Why are column ordinals legal for
ORDER BY but not for
GROUP BY? That is, can anyone tell me why this query
SELECT OrgUnitID, COUNT(*) FROM Employee AS e GROUP BY OrgUnitID
cannot be written as
SELECT OrgUnitID, COUNT(*) FROM Employee AS e GROUP BY 1
When it's perfectly legal to write a query like
SELECT OrgUnitID FROM Employee AS e ORDER BY 1
I'm really wondering if there's something subtle about the relational calculus, or something, that would prevent the grouping from working right.
The thing is, my example is pretty trivial. It's common that the column that I want to group by is actually a calculation, and having to repeat the exact same calculation in the GROUP BY is (a) annoying and (b) makes errors during maintenance much more likely. Here's a simple example:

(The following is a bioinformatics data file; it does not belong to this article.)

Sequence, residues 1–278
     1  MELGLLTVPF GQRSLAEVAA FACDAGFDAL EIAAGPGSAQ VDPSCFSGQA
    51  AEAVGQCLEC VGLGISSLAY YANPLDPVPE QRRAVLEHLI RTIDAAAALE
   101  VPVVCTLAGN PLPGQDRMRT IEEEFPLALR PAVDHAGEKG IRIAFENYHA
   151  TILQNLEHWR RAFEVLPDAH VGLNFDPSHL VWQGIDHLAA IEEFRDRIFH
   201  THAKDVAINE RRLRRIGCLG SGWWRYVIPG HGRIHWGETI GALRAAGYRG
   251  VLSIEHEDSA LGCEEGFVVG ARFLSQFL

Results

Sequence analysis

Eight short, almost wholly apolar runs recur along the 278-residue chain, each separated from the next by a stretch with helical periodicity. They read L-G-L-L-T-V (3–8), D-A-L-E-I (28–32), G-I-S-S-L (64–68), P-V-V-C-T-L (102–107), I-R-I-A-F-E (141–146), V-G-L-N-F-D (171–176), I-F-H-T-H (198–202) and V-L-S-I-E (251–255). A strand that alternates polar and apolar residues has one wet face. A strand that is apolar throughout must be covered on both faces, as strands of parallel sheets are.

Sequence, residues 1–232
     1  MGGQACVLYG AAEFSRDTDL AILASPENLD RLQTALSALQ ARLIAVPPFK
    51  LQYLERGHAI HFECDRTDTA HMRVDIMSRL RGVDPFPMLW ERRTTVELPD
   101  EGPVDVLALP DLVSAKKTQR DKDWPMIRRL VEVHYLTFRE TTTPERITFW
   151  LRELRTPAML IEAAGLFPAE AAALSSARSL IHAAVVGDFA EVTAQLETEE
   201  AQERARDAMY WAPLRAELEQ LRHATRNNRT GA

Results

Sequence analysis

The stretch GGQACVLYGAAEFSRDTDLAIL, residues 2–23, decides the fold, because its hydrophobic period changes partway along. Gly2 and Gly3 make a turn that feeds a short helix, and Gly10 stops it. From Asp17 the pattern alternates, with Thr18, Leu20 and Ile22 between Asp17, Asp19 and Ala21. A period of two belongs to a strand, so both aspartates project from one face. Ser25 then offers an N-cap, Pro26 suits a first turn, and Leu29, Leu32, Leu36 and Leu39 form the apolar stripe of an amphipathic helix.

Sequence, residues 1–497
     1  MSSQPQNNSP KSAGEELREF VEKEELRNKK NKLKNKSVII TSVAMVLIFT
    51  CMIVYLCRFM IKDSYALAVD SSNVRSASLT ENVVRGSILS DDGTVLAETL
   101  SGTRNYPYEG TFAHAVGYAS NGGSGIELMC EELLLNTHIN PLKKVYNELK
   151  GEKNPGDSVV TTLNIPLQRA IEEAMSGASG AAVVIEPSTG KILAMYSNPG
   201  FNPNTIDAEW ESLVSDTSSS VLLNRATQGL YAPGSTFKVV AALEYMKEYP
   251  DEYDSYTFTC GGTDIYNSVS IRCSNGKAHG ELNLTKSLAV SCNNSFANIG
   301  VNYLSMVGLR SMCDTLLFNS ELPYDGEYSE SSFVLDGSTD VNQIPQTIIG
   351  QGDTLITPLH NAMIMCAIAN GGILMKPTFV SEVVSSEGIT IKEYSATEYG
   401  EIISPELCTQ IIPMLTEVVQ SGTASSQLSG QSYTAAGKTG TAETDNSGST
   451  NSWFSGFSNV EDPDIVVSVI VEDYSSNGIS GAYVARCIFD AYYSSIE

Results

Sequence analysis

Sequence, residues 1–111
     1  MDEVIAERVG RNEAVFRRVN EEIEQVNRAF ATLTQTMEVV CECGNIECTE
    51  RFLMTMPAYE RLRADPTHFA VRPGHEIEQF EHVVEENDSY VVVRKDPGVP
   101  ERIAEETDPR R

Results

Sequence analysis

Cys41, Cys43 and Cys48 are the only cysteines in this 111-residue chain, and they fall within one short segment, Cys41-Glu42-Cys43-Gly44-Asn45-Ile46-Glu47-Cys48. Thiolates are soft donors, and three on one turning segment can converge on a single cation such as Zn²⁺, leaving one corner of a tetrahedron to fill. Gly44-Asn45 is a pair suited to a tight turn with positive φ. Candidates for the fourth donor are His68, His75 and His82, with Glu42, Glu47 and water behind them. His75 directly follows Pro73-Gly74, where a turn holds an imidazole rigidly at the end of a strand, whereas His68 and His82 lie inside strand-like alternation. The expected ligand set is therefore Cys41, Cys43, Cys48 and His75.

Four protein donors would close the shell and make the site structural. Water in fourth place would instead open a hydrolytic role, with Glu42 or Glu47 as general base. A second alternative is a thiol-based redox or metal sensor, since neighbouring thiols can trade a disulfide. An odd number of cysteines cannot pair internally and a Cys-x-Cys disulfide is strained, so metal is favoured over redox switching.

SELECT DATEPART(YEAR,LastSeenOn), COUNT(*) FROM Employee AS e GROUP BY DATEPART(YEAR,LastSeenOn)
I would think that SQL's rule of normalize to only represent data once in the database ought to extend to code as well. I'd want to only right that calculation expression once (in the
SELECT column list), and be able to refer to it by ordinal in the
Clarification: I'm specifically working on SQL Server 2008, but I wonder about an overall answer nonetheless.